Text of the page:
Have you ever tried to search for some data online when you were multitasking and couldn’t type the text? It would be quite challenging without the opportunity to conduct voice search.
According to PWC report, 71% of respondents would rather use their voice assistant to search for something than physically typing their queries. And what’s the most important is that the differences between spoken and typed queries may cause different SERP. It means that your competitors’ voice search optimized websites have much more chances to engage most of your potential customers or subscribers.
If you want your website rank for voice queries as high as for the typed ones, this article will help you discover all the steps you should undertake.
Voice search evolution
Do you remember when voice search required calling a phone number from your mobile device and saying your search query? Well, it was in the early days of voice search (to be more precise, in 2010), and few people actually used it.
Since then, voice search has improved significantly. On June 2011, Google announced they started to roll voice search on Google.com. Once being available only in English, today there are about 60 languages supported in Google Voice Search.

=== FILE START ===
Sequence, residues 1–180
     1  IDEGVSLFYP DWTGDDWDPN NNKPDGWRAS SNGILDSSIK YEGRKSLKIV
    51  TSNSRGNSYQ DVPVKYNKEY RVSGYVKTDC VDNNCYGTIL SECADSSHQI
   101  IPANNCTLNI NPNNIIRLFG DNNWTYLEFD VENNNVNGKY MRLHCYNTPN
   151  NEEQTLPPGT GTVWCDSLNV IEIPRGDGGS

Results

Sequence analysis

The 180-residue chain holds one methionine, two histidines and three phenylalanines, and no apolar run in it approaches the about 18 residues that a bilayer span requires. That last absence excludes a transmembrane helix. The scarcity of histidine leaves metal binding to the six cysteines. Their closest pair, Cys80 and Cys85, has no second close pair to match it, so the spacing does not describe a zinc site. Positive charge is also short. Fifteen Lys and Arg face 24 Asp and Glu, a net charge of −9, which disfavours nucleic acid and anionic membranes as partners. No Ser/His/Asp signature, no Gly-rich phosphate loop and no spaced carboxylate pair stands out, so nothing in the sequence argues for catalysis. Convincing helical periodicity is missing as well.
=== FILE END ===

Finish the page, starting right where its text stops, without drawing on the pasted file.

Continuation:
With ‘Hummingbird,’ updated in 2013, the concept of typed and especially spoken search changed a lot. The algorithm emphasized natural language processing and was aimed at considering the users’ intent and the context of the query. From that moment search questions structured in sentences got more relevant answers. So, it influenced voice search, which is usually formed from long phrases, a lot.
How to optimize for voice search
Experts’ opinions about optimization for voice search differ but each of them agrees that it’s an important part of an SEO process.
Here is, for example, Jenny Halasz’s mind: ‘While voice search is certainly the future of how we will do most searches, there’s not really too much you can do to optimize for it that is different than regular SEO optimization. Because Google’s goal will always be to return the best result based on the person, location, and history, it’s hard to guess exactly what the right answer for a query will be.”